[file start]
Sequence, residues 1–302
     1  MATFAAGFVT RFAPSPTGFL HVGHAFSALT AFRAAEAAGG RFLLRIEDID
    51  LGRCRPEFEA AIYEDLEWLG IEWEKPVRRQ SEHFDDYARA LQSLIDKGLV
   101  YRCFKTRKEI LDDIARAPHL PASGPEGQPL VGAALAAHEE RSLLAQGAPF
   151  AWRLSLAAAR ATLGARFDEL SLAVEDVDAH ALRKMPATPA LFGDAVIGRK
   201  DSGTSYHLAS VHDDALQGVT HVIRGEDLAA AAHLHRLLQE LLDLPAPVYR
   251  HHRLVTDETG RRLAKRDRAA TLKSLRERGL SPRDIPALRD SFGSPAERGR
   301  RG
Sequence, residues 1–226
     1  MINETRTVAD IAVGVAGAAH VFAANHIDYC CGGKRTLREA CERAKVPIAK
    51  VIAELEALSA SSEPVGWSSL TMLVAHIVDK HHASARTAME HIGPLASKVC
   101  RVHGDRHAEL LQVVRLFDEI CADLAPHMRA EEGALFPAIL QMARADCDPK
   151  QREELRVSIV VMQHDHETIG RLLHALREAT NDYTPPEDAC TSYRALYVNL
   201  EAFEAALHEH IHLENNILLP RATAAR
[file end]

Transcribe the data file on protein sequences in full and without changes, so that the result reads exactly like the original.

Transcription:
Sequence, residues 1–302
     1  MATFAAGFVT RFAPSPTGFL HVGHAFSALT AFRAAEAAGG RFLLRIEDID
    51  LGRCRPEFEA AIYEDLEWLG IEWEKPVRRQ SEHFDDYARA LQSLIDKGLV
   101  YRCFKTRKEI LDDIARAPHL PASGPEGQPL VGAALAAHEE RSLLAQGAPF
   151  AWRLSLAAAR ATLGARFDEL SLAVEDVDAH ALRKMPATPA LFGDAVIGRK
   201  DSGTSYHLAS VHDDALQGVT HVIRGEDLAA AAHLHRLLQE LLDLPAPVYR
   251  HHRLVTDETG RRLAKRDRAA TLKSLRERGL SPRDIPALRD SFGSPAERGR
   301  RG
Sequence, residues 1–226
     1  MINETRTVAD IAVGVAGAAH VFAANHIDYC CGGKRTLREA CERAKVPIAK
    51  VIAELEALSA SSEPVGWSSL TMLVAHIVDK HHASARTAME HIGPLASKVC
   101  RVHGDRHAEL LQVVRLFDEI CADLAPHMRA EEGALFPAIL QMARADCDPK
   151  QREELRVSIV VMQHDHETIG RLLHALREAT NDYTPPEDAC TSYRALYVNL
   201  EAFEAALHEH IHLENNILLP RATAAR